It’s no secret that I love reading ebooks on my phone, and that I am facinated with the Google Books Project. I am fascinated with both these concepts because I believe they could truly be game-changing for libraries and for the general information environment.
So the past few months have been pretty amazing. (I realize that all these announcements impact iPhone users more than non-iPhone users at this point in time, but their potential to impact the market could extend way beyond just today’s iPhone users.)
- December 2, 2008: Stanza announces a deal with Fictionwise to sell content to be read on its reader. At this point Stanza was the big player in iPhone ereaders. I’m not sure the exact timeline, but Stanza downloads outnumbered Kindle sales at one point. Stanza is a great reader, allowing you to change the colors of the font and background, text sizes, etc. It connects with several catalogs of works you can download for free so that you can wirelessly browse and acquire books. Fictionwise was the first seller that Stanza paired with, allowing users to get content that had to be purchased to be read. It was a clunky system, but changed the nature of what the Stanza reader could be.
- February 5, 2009: Google announces an optimized reader for the iPhone. The Google Books Project is pretty amazing. There is a vast library of content available, and this reader made it possible to access the materials easily on the iPhone. In some cases, it even converts the scanned image of the page into text. It has a great library, but vastly less functionality than Stanza.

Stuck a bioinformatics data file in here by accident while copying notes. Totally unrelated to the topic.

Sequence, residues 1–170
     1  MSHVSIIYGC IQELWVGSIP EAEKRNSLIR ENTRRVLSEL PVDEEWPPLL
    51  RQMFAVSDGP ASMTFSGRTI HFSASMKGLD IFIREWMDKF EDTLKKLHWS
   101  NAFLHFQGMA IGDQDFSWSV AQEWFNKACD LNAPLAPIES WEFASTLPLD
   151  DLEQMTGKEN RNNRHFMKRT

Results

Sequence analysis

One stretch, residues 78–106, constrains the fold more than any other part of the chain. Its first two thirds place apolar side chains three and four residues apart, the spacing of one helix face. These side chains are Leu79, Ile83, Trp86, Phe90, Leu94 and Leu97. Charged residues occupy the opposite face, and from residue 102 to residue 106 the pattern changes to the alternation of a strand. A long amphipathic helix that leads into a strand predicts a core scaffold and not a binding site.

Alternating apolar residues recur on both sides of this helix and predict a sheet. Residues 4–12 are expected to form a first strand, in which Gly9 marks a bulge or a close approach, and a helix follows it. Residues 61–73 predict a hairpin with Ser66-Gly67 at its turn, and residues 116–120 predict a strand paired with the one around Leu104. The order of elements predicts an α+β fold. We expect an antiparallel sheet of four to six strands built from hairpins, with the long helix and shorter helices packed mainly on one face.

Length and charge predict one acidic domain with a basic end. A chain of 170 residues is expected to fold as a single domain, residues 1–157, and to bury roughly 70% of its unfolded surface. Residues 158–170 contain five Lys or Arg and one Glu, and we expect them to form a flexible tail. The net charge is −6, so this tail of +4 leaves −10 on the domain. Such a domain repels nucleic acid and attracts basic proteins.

- March 2, 2009: Amazon announces a free Kindle App for the iPhone. Amazon has the fullest library of titles, often with the best ebook prices, of anyone. The Kindle has clearly made an impact on the market, even if it’s not a runaway success. The price of the device gets in the way of the concept for many of us. It’s hard to justify a $300+ product that you still have to buy content for. The free iPhone app means people can experiment with the ebook model for just the price of a book. And once you have invested in a library, it’s not hard to imagine wanting to buy the Kindle device. Though, for the iPhone, I still think the Stanza Reader is a superior reading experience.
I wouldn’t dare try to guess the exact future, device, platform, or timeline, but I think it is pretty clear that we’re nearing some kind of tipping point for ebooks. The Stanza Reader helped me understand how ebooks could fit into my life. My phone is always with me, so if I’m standing in line, or waiting for my ride, I can fit in a few pages of whatever I’m currently checking out (as long as I’m interested in something in the Public Domain). The Kindle app makes it easier for me to imagine purchasing ebooks. I’ve already downloaded a bunch of free samples from books. And then it’s just a matter of time before I want a device with better battery life and that is easier on the eyes for long sessions of reading. Now, if only we could work on geek family ownership issues.